Monday, December 12, 2011
The chart below shows trend data from 27 national surveys conducted between 1993 to 2011 by the Pew Research Center for the People & the Press. Pew asked American adults: "How do you get most of your news about national and international issues? Television, newspapers, radio, magazines, Internet." Television as a primary news source for the public has dropped from a high of 88% in January 1996 to a current level of 66%. Newspapers have dropped from a high of 63% in September 1995 to 31% currently. Meantime, the internet has risen steadily — passing radio in July 2003, newspapers in December 2008, and continuing to close the gap with television. When Pew first included "the internet" in January 1999, only 6% of American adults named it as a source for news on national and international issues. In Pew's latest survey, 43% said they use the internet as a primary source for news.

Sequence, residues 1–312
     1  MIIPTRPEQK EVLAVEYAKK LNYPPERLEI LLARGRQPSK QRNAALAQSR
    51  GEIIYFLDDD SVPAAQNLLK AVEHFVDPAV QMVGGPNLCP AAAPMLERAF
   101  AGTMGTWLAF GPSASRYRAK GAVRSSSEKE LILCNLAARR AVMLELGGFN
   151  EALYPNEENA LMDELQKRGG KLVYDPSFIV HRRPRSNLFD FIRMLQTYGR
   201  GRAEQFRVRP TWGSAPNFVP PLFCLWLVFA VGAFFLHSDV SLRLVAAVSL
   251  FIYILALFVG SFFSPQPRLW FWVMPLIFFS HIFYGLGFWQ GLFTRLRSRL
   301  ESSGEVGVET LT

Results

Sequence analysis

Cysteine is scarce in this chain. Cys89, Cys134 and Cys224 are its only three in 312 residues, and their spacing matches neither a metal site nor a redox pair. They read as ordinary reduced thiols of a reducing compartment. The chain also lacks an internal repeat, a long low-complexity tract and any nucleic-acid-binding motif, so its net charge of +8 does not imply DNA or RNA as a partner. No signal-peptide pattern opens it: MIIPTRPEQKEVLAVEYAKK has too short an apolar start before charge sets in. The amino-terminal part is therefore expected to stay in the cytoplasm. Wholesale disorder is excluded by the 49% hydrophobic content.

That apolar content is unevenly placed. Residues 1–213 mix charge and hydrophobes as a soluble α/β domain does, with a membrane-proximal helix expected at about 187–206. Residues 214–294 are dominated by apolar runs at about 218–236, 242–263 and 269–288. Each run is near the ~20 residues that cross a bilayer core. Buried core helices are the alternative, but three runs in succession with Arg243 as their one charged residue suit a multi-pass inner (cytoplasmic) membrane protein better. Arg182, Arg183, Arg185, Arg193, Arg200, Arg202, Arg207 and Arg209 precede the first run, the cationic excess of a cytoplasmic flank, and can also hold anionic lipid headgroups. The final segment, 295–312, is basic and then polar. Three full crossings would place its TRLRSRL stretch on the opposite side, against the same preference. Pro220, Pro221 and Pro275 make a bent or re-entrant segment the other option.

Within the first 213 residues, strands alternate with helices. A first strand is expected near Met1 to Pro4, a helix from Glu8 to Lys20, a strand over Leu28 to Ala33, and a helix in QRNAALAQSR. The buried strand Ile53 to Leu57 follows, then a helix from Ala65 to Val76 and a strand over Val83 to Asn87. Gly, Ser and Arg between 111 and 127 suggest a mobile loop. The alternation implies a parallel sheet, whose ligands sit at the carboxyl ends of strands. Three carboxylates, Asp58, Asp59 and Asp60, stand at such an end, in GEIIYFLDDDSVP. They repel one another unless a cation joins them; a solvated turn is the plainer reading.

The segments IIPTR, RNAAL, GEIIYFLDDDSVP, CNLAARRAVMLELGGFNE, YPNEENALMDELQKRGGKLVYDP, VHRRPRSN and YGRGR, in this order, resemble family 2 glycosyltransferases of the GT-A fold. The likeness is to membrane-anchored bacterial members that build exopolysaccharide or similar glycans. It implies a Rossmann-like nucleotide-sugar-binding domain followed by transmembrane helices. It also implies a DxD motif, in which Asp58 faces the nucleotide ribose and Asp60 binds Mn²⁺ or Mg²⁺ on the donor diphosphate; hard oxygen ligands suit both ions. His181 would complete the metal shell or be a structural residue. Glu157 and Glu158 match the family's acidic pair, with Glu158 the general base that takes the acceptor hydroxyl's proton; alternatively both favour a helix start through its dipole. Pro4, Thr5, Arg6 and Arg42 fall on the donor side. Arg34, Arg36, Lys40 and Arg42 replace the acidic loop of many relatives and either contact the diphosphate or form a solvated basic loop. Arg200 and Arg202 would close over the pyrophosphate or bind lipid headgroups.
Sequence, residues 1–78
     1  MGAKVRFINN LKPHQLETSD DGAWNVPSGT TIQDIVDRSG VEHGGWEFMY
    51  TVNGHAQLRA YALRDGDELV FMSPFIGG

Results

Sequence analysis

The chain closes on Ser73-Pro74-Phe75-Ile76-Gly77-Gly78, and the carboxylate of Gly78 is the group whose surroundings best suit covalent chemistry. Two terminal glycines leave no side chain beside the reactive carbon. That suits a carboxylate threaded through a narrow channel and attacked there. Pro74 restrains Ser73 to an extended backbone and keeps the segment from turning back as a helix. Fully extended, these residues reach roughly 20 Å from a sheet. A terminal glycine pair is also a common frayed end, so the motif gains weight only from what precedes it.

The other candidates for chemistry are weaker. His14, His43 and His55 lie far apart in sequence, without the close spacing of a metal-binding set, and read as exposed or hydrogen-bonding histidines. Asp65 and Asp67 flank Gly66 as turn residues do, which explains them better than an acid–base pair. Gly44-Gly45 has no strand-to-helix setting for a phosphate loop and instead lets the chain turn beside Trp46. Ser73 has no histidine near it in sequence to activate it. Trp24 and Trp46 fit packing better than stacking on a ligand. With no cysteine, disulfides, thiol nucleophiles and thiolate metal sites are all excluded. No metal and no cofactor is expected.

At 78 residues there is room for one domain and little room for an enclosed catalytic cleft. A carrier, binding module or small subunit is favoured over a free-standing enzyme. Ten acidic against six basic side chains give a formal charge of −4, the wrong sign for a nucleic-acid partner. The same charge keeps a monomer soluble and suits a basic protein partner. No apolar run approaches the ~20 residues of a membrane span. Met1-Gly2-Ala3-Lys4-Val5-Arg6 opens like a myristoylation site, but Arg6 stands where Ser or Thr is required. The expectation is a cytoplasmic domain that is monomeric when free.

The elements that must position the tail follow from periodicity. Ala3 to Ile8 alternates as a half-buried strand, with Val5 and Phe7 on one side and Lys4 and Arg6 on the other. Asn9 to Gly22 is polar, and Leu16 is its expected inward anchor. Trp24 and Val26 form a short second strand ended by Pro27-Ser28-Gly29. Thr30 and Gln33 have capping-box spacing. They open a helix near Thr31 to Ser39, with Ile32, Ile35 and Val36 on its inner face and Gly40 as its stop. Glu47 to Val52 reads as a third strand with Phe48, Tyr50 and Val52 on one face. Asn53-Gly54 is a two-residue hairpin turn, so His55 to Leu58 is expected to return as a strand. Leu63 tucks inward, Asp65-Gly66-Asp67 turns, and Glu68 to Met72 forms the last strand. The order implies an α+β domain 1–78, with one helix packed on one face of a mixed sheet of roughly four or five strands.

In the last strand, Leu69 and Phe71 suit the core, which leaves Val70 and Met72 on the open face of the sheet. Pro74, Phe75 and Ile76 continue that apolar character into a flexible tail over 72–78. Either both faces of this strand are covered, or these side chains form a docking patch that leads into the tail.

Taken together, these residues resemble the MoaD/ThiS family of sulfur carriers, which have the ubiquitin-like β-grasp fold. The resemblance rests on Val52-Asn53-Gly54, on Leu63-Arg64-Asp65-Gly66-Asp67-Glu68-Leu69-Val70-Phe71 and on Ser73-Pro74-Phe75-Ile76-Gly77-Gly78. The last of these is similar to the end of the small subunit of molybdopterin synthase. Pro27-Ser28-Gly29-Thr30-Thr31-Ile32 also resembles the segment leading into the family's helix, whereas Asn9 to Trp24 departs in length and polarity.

Roll over years to display data. Drag several years to zoom the chart. Toggle a line by clicking an item in the legend.